Depending on your attitude, the 5-hour, 38-minute length of Lav Diaz’s From What Is Before might represent a handicap in its favor, or a demerit. A certain stripe of viewer will praise the film in lieu of wearing an “I survived From What Is Before and all I got was this…” t-shirt; another will compensate for the numbness it induces with hostility. Frankly, I can’t divest myself of either feeling, and this disclosure is imperative to discussing Diaz. Because unlike Shoah, Berlin Alexanderplatz, or any number of Jacques Rivette films, From What Its Before reflects its length in almost every facet of its production value and aesthetic, and watching any given minute would provide most prospective viewers with the impression that there are around 337 more where that came from.
From What Is Before purports to be about real events and people, the former stemming from the 1972 implementation of martial law by Philippines President Ferdinand Marcos. What we witness, however, is not so much the rise of fascism as the formation of conditions under which it thrived, beginning in 1970. Joselina (Karenina Haniel) is a mentally ill young woman purported to have healing powers, and her sister Itang (Hazel Orencio) shows ferocious determination both in caring for Joselina and goading her into acting as a shaman. Sito (Perry Dizon) struggles by turns to raise young Hakob (Reynan Abcede) and to hide the truth of how Hakob came to be in his care. Supporting characters like Tony (Roeder Camañag), a winemaker with a secret connection to Joselina, and Father Guido (Joel Saracho), who offers moral guidance while trafficking in his own lies, furthering the impression of a populace in moral flux.
But the village’s transformation is witnessed most persuasively through Diaz’s illustration of environment. The architecture of the small village in which most of the film takes place is rather evenly split between open, closed, and semi-open huts and houses, and the notions of private and public space incrementally weaken throughout. The Blessed Rock, perched on a beach on the edge of the village, at first seems the sole venue for ritual practice outside of the village sphere, but this site, too, becomes entangled in the dramas and recriminations preceding the arrival of Marcos’s soldiers. The film’s images have a pleasing spatial breadth and integrity, situating ritual and the quotidian within an environment of equal weight. But Diaz’s direction of actors leaves something to be desired. A shot of Joselina laughing maniacally center-frame, while groups of onlookers and drummers gaze and play indifferently, at once illustrates Diaz’s biggest strength and weakness. The composition is masterfully balanced, but the static nature of each performance obviates the need for the take’s protracted length.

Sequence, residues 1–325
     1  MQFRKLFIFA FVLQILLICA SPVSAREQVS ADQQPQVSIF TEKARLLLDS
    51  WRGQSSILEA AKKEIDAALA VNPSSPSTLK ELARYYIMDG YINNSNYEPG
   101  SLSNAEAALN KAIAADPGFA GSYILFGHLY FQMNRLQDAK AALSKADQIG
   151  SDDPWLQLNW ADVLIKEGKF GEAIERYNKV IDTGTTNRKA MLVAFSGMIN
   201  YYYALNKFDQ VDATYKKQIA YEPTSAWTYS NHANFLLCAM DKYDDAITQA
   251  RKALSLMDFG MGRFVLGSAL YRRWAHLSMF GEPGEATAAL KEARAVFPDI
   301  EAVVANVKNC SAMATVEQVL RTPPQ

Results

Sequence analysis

Given the film’s detailed examination of a physical environment, the lackluster sound design is a bit surprising. Ambient sound is distorted to resemble a 96 kpbs MP3 file. This quirk sometimes imbues the environment with apropos spookiness, as when hi-fi manic cries cut through lo-fi wind. In other instances, it’s distracting outright: a dying cow’s moans are so clearly a single stock sound effect played on repeat that, at my screening, they created some of the most uncomfortable nervous laughter you can imagine. I’m curious as to whether the film’s fans would defend this as an intentional artistic choice, or the result of financial necessity, if at all.
While the historical scope of From What Is Before is huge, its emotional palette is a bit limited. As an avowed Jeanne Dielman fan, I don’t object to prolonged banality, but I confess that Diaz loses points with me for reveling at such length in Joselina’s tortured gesticulations, a mother’s tortured grief, a horrific act of sexual abuse or in the gang of fascists cartoonishly sneering and brandishing their weapons. Diaz’s one-size-fits-all aesthetic has the unfortunate effect of drawing out the unendurably sadistic as if it concealed some hidden truth. But his cinema is the medium’s equivalent of a post-rock dirge: one must enter willing to surrender to it.
From What Is Before screened at TIFF. See our complete coverage below.